Consider the Octopus


A few posts ago we were talking about the ever-growing presence of emoticons, emojis, animated gifs, and other visual forms of communicating; and also, how really it has become an ever-growing presence because technology has also become the same, ubiquitous almost. There’s another ad that’s been circulating around, I think it’s for a brand of phones, […]

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Languages in Infinite Space


While the SETI Institute (Search for Extraterrestrial Intelligence) tirelessly explores the different corners of space, hoping to capture some extraterrestrial sign or transmission confirming that we are not alone in the universe, many have chosen to ask themselves the opposite question: have our broadcasts reached a planet where there is intelligent life? And if so, […]

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The Many Benefits of Foreign Language Education and Learning


This three part blog series was inspired by Bryant’s blog post “The Advantages of Speaking Several Languages,” published earlier this year. When pursuing further research on the topic, I found that, although there are many arguments which promote foreign language education and learning, those with the most weight can be grouped into three major areas: […]

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Latin American Translators Living Abroad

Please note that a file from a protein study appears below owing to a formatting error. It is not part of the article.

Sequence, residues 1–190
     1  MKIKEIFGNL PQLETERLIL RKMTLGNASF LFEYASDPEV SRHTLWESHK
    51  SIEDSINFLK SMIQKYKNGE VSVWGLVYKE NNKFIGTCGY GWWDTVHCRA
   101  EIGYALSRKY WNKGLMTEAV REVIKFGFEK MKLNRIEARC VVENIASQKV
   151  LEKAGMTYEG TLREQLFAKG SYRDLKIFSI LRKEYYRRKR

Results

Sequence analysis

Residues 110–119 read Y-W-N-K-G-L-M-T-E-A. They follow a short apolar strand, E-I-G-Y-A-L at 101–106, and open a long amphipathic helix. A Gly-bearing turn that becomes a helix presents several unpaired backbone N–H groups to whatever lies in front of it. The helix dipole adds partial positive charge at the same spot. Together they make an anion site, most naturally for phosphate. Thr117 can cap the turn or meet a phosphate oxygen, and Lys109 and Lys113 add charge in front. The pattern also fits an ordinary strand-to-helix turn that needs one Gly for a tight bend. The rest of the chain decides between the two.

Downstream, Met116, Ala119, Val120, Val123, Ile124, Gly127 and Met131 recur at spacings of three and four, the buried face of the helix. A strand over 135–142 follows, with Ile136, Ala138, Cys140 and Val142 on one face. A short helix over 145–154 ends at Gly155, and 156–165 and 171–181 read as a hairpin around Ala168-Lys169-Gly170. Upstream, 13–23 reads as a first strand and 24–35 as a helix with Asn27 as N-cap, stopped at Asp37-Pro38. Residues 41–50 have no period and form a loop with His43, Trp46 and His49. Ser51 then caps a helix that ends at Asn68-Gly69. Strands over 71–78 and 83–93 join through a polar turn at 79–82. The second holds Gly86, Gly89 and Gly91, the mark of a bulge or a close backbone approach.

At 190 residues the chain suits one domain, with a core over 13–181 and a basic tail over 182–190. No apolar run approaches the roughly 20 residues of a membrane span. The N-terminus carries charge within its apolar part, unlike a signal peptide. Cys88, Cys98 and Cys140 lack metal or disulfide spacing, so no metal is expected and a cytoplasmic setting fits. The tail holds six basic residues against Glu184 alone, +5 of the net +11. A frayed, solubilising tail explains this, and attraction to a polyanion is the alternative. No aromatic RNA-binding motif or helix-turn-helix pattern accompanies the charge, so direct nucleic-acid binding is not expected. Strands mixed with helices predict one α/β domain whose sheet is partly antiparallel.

Many of us work in translation because it provides us with endless satisfaction not only professionally and monetarily, but also on a personal level. It’s a career full of learning. We often hear people say: “I can work from anywhere as long as there is Internet.” This allows us to travel the world and establish our […]

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Helianthus vs. Sunflower – Are botanical translations a real challenge?


I’ve always been intrigued by the real and complex names of flowers. Who knew that a sunflower is actually called helianthus or that Lanicera caprifolium means honeysuckle? I bet the majority of you don’t and that’s why when it comes to literary translations it’s really important that linguists are familiarized with these terms and also […]

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I see what you mean (or: The untranslatable yellow face of doom)


It’s been mentioned here before, the use of emoticons to communicate to each other, and questioning if this might be a new form of communication, a new language. As far as I can tell, I think the question has already been answered. It is a new language. It’s a technological-based de-evolution back to our wordless forms of […]

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Third Culture Kids: Bridging Language and Culture


The term Third Culture Kid was first conceived in the 1950s by American social researchers Ruth and John Useem to define individuals who were raised in a culture different to that of their parents’ culture during their developmental years. As explained by Andrea M. Moore and Gina G. Barker in their work, “Confused or multicultural: […]

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